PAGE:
By Andy Downing
RedEye special contributor
10:55 AM CDT, April 12, 2014
The first time Temples visited Chicago in November 2013, the city's red-meat-and-potatoes reputation made the British psych-rock crew a bit anxious.
“We thought it would be really hard to find food without meat in it,” said singer/guitarist/vegetarian James Bagshaw. “I don't know why we thought that. There was actually really great vegan and vegetarian food.”
It's a good thing, too. Between Temples' April 26 concert at Lincoln Hall and its scheduled appearance at this summer's Lollapalooza, the band, which has been championed by everyone from Oasis’ Noel Gallagher to ex-Smiths guitarist Johnny Marr since releasing its debut full-length “Sun Structures” earlier this year, will be spending a fair amount of time in our city over the coming months.
Reached on the road in early April, Bagshaw eagerly discussed his fondness for the music of the 1960s--but ask the 27-year-old singer about “Game of Thrones” and the conversation will die a swift [SPOILER ALERT], Ned Stark-like death.
You guys strike me as fans of the nighttime, so I'm guessing it'll feel odd playing in the sun at Lollapalooza.
Yeah, playing shows in daylight is a funny one. When you're at a festival and there are so many things going on and so many bands to see, you kind of forget about that. But we'd much rather play when it's night, or at least when the sun is setting. For sure we'll [be] playing in the baking heat in the afternoon come Lollapalooza.
That has to be rough since you all have fair complexions.
[Laughs] We'll have to crack the 50 SPF suntan lotion.
So “Keep in the Dark” isn't just a song title then. It's almost a way of life.
I think so, yeah. You have to look after your skin, haven't you? There's no such thing as a healthy tan.
You've previously mentioned a fondness for artists like the Byrds and T. Rex. What is it about that era that really speaks to you?
The way it comes across is like no other kind of era of music. I think it's got a rawness to it and an atmosphere around it in the way it's recorded. It's hard to put it into words. Those bands just connect with me, and all of us, really.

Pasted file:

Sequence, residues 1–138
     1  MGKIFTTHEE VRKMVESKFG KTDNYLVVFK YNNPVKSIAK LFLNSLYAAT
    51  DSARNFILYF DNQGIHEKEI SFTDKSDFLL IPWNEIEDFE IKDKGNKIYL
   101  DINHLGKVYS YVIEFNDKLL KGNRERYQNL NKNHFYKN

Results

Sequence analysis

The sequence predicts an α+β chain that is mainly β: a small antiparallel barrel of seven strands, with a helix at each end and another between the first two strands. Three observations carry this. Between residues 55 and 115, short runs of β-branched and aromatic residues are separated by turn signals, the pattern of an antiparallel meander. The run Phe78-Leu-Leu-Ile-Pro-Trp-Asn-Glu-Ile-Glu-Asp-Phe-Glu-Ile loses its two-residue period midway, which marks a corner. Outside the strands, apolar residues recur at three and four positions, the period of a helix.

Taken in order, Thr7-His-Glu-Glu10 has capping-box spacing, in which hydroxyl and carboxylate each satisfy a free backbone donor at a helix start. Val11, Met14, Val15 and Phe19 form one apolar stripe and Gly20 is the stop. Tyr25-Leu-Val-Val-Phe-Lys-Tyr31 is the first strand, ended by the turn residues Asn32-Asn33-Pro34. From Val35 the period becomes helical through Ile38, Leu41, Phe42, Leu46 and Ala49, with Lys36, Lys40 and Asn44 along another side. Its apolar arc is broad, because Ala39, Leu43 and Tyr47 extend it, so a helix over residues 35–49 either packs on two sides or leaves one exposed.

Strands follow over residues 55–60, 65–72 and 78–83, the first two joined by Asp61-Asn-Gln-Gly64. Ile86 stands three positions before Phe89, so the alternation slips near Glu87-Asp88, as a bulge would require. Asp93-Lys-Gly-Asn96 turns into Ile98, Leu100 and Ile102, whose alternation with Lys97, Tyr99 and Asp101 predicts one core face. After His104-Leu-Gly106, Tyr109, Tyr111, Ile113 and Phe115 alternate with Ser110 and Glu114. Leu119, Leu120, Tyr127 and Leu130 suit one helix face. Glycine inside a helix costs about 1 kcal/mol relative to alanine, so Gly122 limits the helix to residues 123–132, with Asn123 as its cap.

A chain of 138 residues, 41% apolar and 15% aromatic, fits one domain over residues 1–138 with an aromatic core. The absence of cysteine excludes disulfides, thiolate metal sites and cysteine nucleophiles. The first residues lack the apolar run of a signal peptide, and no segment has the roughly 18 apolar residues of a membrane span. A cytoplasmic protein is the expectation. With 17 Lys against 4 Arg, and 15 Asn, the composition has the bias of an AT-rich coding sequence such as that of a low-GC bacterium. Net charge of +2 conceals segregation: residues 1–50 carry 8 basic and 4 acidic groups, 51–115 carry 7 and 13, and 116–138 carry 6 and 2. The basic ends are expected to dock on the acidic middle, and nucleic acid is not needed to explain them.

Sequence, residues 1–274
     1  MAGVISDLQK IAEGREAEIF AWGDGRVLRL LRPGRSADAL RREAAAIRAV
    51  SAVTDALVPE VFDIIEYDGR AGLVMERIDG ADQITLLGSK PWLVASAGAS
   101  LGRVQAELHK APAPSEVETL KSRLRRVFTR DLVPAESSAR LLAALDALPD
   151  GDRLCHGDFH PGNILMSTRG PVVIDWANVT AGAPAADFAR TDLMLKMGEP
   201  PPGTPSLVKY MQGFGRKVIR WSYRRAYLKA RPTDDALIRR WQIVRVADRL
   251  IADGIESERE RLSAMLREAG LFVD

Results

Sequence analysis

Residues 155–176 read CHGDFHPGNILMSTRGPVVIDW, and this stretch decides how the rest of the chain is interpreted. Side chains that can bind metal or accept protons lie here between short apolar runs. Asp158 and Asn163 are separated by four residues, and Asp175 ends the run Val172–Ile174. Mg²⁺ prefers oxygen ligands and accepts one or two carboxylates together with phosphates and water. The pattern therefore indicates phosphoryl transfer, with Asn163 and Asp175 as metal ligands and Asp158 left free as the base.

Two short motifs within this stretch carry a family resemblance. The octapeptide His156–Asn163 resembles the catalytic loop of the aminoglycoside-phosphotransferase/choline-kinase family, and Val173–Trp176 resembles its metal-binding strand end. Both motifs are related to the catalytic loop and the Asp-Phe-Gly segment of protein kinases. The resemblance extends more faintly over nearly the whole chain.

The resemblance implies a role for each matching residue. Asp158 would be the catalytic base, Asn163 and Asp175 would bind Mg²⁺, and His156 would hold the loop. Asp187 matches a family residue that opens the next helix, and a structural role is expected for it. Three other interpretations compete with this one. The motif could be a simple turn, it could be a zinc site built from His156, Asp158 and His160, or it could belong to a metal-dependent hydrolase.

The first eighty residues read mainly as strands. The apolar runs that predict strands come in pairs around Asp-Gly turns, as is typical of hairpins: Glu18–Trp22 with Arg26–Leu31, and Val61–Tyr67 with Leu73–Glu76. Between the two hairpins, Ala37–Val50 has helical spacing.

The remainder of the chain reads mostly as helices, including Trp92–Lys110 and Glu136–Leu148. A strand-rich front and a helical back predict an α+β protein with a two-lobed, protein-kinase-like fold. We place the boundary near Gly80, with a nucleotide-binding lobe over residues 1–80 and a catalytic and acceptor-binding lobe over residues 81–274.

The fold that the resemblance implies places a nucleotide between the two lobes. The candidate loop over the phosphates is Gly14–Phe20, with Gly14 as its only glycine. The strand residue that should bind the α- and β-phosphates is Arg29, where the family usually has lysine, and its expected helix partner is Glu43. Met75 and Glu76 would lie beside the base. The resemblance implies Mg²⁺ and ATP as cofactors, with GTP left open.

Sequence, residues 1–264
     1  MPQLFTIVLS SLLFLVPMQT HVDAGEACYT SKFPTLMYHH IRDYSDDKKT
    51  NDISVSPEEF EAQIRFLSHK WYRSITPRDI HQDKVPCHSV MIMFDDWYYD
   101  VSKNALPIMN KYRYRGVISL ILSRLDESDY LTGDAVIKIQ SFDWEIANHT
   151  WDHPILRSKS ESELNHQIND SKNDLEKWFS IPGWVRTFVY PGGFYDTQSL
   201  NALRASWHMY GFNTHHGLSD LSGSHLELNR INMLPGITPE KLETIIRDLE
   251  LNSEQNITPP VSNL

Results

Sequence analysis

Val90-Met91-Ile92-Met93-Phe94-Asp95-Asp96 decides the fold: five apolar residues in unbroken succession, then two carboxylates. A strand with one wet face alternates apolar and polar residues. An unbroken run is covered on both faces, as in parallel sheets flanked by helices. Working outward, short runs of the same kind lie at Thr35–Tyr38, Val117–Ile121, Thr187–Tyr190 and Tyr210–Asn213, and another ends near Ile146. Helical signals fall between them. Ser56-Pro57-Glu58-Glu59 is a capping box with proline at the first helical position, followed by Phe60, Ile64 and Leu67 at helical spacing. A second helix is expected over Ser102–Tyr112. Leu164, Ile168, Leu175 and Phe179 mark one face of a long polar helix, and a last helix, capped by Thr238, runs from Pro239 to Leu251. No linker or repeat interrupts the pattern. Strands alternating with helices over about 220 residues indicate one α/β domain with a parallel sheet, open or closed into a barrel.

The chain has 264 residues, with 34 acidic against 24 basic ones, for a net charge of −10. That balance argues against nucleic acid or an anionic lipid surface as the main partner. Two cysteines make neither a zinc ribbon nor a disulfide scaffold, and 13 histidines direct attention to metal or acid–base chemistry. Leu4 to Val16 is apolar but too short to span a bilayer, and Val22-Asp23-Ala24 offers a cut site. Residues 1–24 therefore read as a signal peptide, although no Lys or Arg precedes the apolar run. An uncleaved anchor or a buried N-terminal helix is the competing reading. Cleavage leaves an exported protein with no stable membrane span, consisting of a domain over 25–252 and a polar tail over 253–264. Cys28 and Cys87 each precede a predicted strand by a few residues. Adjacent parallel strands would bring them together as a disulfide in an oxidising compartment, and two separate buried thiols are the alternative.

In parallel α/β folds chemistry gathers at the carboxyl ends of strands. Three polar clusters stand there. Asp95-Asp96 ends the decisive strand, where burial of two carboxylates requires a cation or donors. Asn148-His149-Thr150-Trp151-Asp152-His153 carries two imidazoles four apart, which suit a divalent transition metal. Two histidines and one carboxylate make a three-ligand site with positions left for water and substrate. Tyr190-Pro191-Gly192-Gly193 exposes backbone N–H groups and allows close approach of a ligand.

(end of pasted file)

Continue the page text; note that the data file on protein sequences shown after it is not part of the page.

Do you ever get the sense you were born in the wrong decade?
No, 'cause I think we'd view music in a different way if we had been. If we were around in the '60s that music wouldn't be as inspiring to us. There's nothing worse than being inspired by another thing that's already going on because you're just a part of that rush. If we were around [then] I probably wouldn't have played a 12-string because [The Byrds’] Roger McGuinn and George Harrison and loads of other people were already playing them. I'd want to try and go against that.
With psychedelic music there's always that question about the influence of drugs. Do they play any role in that creative process for you?
I couldn't possibly say, really. Yes and no and also maybe. When it comes down to recording you need to have a clear head. I think it's important to be able to think with your own mind because otherwise you're watering down your real outlook.
You've received praise from Noel Gallagher and Johnny Marr, but I was more intrigued hearing you received a letter from the influential Robert Wyatt of Soft Machine.
Yeah, he sent us a letter through the post. I think at the time we had maybe four tracks, and he said how much he enjoyed [the music]. I can't remember it well enough to quote it, but it was nice to receive it and see what he thought about it in his otherworld way. He's such a great person and musician and ideas man, and it's nice to hear that from someone we grew up listening to, especially after we got into the psychedelic thing.
When's the last time you received a handwritten letter through the post?
Oof. I don't know, really. It was probably one from the bank saying I've gone into my overdraft, but that one wouldn't have been handwritten [laughs].
Have you been at all tempted to re-record “The Golden Throne” as “The Iron Throne” to win over the “Game of Thrones” crowd?
No. I've never watched “Game of Thrones.” I don't know what it is.
Really? I assumed most people from England were already in the cast.
[The song] has nothing to do with “Game of Thrones.” It's not about a TV series. It's actually about ... You know, I'm not going to tell you, because it doesn't matter anyway.
Temples, 10 p.m. Saturday, April 26. $15.
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